Hail simulator helps determine crop recovery expectations

LACOMBE, Alta. — A made-in- Alberta invention is researching hail damage and recovery in wheat, canola and pulses.

Invented by Ken Cole of Farming Smarter in Lethbridge in 2015, the concept is simple. Chains with golf balls on the ends are attached to a rotating drum. The drum can be mounted on a small tractor or a unit used for working on small research plots.

The speed and rotation of the drum can be controlled to simulate hail damage from zero to 100 percent.

“There was a research need to simulate hail to answer those questions like yield, recovery attempts and now, people are interested in it when it comes to breeding,” said Rodney Werezuk of Alberta Innovates Technology Futures at Vegreville.

Plant breeders are developing shatter resistant varieties to prevent hail from smashing canola pods, and this machine can test mature crops to assess pod damage.

Werezuk had previously simulated hail damage by manually beating the crop with chains or throwing rocks, but that was not practical. With this machine, more golf balls can be added or the crop can be hammered with heavy chains.

Alberta Innovates, Alberta Pulse Growers and Agriculture Financial Services Corp., which provides hail insurance, are working to together with units at Fahler, Vegreville and Lethbridge.

The unit was demonstrated on canola plots during CanolaPalooza at Lacombe June 28.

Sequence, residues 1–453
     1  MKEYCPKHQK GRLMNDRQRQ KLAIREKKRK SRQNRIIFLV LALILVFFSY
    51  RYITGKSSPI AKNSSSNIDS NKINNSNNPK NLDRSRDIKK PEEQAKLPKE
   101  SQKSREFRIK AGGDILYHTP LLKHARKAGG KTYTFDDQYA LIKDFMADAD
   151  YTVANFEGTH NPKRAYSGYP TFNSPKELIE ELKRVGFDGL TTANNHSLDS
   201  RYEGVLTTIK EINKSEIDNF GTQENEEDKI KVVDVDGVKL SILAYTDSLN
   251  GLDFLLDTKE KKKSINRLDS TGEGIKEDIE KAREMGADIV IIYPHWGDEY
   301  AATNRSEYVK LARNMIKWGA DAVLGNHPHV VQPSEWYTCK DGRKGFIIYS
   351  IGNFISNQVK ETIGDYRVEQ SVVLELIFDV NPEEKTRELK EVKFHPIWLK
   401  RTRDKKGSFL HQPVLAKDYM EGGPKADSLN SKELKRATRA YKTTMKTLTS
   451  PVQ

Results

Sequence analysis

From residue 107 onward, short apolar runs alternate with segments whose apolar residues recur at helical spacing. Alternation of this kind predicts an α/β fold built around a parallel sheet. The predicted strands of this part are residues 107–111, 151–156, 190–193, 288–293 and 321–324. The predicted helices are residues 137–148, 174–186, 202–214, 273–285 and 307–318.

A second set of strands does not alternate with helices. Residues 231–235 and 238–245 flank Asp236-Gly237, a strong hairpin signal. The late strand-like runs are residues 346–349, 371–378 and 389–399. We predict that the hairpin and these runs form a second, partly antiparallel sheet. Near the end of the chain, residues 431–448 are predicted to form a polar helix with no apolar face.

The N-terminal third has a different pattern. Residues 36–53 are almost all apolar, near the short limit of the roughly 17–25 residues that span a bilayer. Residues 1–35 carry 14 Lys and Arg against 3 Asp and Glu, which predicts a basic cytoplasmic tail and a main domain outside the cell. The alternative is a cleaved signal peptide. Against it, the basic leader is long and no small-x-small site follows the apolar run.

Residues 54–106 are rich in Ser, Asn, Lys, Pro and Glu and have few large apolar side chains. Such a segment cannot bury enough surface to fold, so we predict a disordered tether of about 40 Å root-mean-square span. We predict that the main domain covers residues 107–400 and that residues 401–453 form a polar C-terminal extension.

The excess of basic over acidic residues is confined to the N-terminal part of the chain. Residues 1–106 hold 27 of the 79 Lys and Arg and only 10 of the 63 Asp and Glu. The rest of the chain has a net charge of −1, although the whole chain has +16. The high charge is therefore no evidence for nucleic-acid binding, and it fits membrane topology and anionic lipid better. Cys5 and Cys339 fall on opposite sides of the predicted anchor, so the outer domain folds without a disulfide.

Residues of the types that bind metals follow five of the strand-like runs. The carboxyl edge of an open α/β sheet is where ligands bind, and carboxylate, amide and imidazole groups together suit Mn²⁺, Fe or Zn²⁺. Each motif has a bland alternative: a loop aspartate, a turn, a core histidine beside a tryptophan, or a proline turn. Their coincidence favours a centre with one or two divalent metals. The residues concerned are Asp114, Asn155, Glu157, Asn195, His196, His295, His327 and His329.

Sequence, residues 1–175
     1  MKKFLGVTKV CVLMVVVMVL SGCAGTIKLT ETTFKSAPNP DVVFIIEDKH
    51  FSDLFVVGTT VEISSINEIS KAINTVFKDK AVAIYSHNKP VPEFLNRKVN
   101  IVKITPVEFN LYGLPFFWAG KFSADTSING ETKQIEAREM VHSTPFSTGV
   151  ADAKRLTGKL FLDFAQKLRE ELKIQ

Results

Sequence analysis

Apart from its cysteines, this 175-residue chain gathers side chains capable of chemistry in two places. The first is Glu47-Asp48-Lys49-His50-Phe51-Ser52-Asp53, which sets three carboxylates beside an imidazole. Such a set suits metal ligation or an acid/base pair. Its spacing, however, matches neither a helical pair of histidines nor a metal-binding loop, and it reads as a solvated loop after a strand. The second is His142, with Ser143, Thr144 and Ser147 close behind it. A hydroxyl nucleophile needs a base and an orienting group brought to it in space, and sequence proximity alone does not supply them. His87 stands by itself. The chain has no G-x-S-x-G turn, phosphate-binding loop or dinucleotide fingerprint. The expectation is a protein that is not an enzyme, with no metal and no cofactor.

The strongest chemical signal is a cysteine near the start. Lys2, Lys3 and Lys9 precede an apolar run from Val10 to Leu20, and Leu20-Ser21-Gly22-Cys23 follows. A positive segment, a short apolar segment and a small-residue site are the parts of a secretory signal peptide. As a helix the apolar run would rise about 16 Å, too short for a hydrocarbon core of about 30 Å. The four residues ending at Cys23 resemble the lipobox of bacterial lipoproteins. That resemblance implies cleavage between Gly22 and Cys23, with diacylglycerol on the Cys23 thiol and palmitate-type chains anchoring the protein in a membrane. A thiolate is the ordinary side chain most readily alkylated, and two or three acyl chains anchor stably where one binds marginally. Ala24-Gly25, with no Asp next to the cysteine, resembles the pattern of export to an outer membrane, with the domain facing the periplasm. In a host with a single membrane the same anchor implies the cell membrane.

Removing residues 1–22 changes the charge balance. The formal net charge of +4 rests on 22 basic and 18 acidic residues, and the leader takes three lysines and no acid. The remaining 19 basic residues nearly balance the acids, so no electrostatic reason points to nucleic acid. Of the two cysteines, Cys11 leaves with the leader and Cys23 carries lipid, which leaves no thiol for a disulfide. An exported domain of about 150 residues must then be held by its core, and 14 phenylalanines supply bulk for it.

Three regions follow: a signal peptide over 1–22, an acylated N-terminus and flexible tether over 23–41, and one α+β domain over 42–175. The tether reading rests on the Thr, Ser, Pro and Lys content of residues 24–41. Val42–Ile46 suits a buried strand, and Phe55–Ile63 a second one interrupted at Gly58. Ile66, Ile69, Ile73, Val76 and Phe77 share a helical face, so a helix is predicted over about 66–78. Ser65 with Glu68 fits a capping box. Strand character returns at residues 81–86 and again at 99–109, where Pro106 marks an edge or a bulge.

The units can move through the crops and beat them down, and researchers will then assess damage and watch to see if later applications of fungicide or micronutrients make a difference in plant recovery.

“The point is to assess hail damage and the yield loss attributed to the amount of hail damage at different stages of the crop,” said Tom Penner of AFSC.

“We can never determine the damage of these plants when we are in the field because they recover so well,” he said.

The corporation hopes to create a chart that shows expected plant recovery at different levels of loss about 10 days after the event. It may also be used to train hail adjusters.

Data should be analyzed by the end of the year followed with practical information to help farmers make better decisions about crop recovery. Geography will also be considered.

“Part of the way the crop responds to hail is due to the environment,” Werezuk said.

“The weather in Fahler is different from Lethbridge, so you might find a difference between the sites.”

Insurance companies consider Alberta to be the most hail prone in Canada.

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